TABLE 11______________________________________Rate of bubble disappearance of 0.5% aqueous solution ofmonoammonium salts18 α-isomer content 0% 78.0%______________________________________time 10 20.0 43.7elapsed 20 21.1 71.3(minutes) 30 24.3 80.2 45 25.8 84.8 60 26.0 85.7 90 27.6 93.2______________________________________
|Cited Patent||Filing date||Publication date||Applicant||Title|
|US3046195 *||Mar 14, 1957||Jul 24, 1962||Gerardus Van Loon||Process for deglycyrrhizinating licorice|
|US3066072 *||Jun 18, 1958||Nov 27, 1962||Biorex Laboratories Ltd||Extract from liquorice root having anti-inflammatory activities|
|US3110711 *||Jun 13, 1961||Nov 12, 1963||Klinge Co Chem Pharm Fab||Process of producing two escin isomers from horse chestnut extracts, and products|
|US3164581 *||Jun 10, 1963||Jan 5, 1965||Alexeevich Muravjev Ivan||Method for deriving glycyrrhiric production|
|US3240775 *||Jul 30, 1962||Mar 15, 1966||Kelco Co||Preparation of alpha-l-fucosides and l-fucose from fucoidan|
|US3442911 *||May 31, 1967||May 6, 1969||Biorex Laboratories Ltd||Glycyrrhetyl glucosiduronates|
|US3450691 *||Jun 7, 1967||Jun 17, 1969||Klinge Co Chem Pharm Fab||Process of producing a water soluble horse chestnut saponin of low hemolytic activity and product|
|US3629231 *||May 5, 1969||Dec 21, 1971||Biorex Laboratories Ltd||Derivatives of glycyrrhetinic acid|
|US3812097 *||Jul 17, 1972||May 21, 1974||Searle & Co||Yranuronosyl)oxy)olean-12-en-30-oic acid|
|US4107425 *||Feb 15, 1977||Aug 15, 1978||The United States Of America As Represented By The Secretary Of Agriculture||Preparation of 1-α- and 1-β-glucose esters by stereoselective acylation of metalated 2,3,4,6,-tetra-O-benzyl-D-glucopyranose|
|Citing Patent||Filing date||Publication date||Applicant||Title|
|US4537763 *||Jun 11, 1982||Aug 27, 1985||Kabushiki Kaisha Hayashibara Seibutsu Kagaku Kenkyujo||Products sweetened with α-glycosyl glycyrrhizin|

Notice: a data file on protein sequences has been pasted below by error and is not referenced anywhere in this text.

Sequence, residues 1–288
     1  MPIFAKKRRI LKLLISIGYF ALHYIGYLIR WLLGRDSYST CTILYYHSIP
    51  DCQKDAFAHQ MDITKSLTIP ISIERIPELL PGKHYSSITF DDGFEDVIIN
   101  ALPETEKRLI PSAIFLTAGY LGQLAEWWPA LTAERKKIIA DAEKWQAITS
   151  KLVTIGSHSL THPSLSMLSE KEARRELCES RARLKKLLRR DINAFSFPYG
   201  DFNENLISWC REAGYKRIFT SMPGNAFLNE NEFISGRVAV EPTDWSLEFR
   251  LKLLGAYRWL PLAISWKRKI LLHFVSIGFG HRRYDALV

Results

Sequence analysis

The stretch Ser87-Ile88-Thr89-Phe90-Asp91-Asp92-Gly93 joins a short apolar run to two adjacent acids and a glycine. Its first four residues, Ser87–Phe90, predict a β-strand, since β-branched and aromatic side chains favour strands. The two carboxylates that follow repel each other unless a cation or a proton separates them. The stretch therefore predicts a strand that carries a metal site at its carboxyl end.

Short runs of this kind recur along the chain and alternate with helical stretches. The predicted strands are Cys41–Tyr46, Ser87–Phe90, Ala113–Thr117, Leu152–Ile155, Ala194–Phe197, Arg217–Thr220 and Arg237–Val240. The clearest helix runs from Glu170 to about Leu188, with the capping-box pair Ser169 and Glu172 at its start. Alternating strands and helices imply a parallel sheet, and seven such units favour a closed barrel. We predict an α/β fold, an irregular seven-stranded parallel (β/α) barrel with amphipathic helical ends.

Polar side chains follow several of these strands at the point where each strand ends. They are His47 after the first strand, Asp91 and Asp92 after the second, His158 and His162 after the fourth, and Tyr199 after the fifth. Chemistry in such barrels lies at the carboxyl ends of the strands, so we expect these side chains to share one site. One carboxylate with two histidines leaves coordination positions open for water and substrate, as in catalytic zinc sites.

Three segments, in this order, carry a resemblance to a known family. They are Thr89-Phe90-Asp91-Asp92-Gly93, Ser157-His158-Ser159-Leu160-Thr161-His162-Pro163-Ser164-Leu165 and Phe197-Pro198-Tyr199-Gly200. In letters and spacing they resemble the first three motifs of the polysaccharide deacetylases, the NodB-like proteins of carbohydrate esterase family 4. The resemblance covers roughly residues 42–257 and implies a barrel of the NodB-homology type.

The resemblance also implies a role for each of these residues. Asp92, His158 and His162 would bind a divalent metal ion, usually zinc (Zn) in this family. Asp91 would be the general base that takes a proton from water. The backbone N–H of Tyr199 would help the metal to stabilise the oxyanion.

|US5122376 *||May 9, 1990||Jun 16, 1992||Isf Societa Per Azioni||Calcitonin gene related peptide|
|US5183802 *||Nov 14, 1988||Feb 2, 1993||Isf Societa Per Azioni||Pharmaceutical compositions for intranasal administration of calcitonin|
|US5763449 *||Aug 7, 1996||Jun 9, 1998||Ascent Pediatrics, Inc.||Pleasant-tasting aqueous liquid composition of a bitter-tasting drug|
|US5962461 *||Aug 7, 1997||Oct 5, 1999||Ascent Pediatrics, Inc.||Pleasant-tasting aqueous liquid composition of a bitter-tasting drug|
|US8637076||Dec 13, 2006||Jan 28, 2014||Cima Labs Inc.||Prednisolone salt formulations|
|US20040242506 *||Aug 9, 2002||Dec 2, 2004||Barges Causeret Nathalie Claude Marianne||Paroxetine glycyrrhizinate|
|US20060013834 *||Feb 25, 2005||Jan 19, 2006||Medicis Pediatrics, Inc.||Room temperature stable aqueous liquid pharmaceutical composition|
|CN101081227B||May 31, 2006||Dec 21, 2011||江苏正大天晴药业股份有限公司||甘草酸二铵的组合物|
|WO1990007864A2 *||Apr 25, 1990||Jul 26, 1990||Wrigley W M Jun Co||Method of controlling release of clycyrrhizin in chewing gum and gum produced thereby|
|WO2003013529A1 *||Aug 9, 2002||Feb 20, 2003||Barges Causeret Nathalie Claud||Paroxetine glycyrrhizinate|
|U.S. Classification||536/18.1, 426/658|
|Dec 31, 1986||FPAY||Fee payment|
Year of fee payment: 4
|Oct 29, 1990||FPAY||Fee payment|
Year of fee payment: 8
|Dec 23, 1994||FPAY||Fee payment|
Year of fee payment: 12